Next, we will create a 2nd output that gives the maximum of the two inputs: But before we can get input values from the first module into another module, we need to save them in temporary variables. So before going on, we will experiment a little with variables.
You can define a variable with any name you want, as long as it starts with a letter character and contains only the letters A-Z, the numbers 0-9, a dot or an underscore. Case does not matter, and will be converted to upper case when evaluated.
You can create a variable either by declaring it with the Add Var button or by using it as a Sub Function variable. Sub Function variables are local to the sub function; Variables created with the Add Var button are global and may be accessed by any function. In addition to the variables you define, you can also use the predefined letter name variables, A to Z. There also are other variable types and variable-like functions that will be described later.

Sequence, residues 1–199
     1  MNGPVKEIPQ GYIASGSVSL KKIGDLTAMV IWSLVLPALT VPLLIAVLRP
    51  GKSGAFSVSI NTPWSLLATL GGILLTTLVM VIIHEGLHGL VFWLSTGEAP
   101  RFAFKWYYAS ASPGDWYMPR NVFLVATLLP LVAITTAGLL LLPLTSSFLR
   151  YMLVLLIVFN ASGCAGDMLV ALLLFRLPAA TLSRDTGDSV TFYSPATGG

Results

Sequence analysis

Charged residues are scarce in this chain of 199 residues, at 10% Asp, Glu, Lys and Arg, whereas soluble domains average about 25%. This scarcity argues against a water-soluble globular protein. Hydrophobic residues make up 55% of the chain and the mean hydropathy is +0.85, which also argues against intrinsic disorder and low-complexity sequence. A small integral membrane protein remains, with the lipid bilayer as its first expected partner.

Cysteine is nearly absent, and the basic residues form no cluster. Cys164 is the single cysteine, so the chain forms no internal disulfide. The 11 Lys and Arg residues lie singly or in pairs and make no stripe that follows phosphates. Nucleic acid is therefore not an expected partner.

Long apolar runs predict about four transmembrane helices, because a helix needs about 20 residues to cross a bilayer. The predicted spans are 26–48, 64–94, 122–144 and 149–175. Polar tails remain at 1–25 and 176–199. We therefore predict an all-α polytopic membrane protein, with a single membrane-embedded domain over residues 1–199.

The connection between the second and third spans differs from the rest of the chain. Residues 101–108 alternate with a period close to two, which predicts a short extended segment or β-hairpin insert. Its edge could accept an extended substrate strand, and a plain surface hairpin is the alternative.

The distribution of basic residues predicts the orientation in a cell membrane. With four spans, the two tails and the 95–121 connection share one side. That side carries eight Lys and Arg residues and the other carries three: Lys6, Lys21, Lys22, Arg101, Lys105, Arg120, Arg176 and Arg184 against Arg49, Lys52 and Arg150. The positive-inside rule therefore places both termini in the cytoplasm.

In addition to creating variables, you also have to be able to change their values under program control - otherwise they are constants, not variables. The Let() function does this, as well as the Letter-dot function which works as a shorthand Let() for letter name variables. Both of these will be discussed in the tutorial section below.
Experiment with creating and testing some variables:
Now that you are familiar with Variables, we can continue to create a separate Max output for the previous Min function.
For the last part of this tutorial, we will create and use a sub function. For the example we will create Steve Whealton's binary reflected gray code transformation, which is a useful algorithmic number series. Click here to read what Steve has to say about it,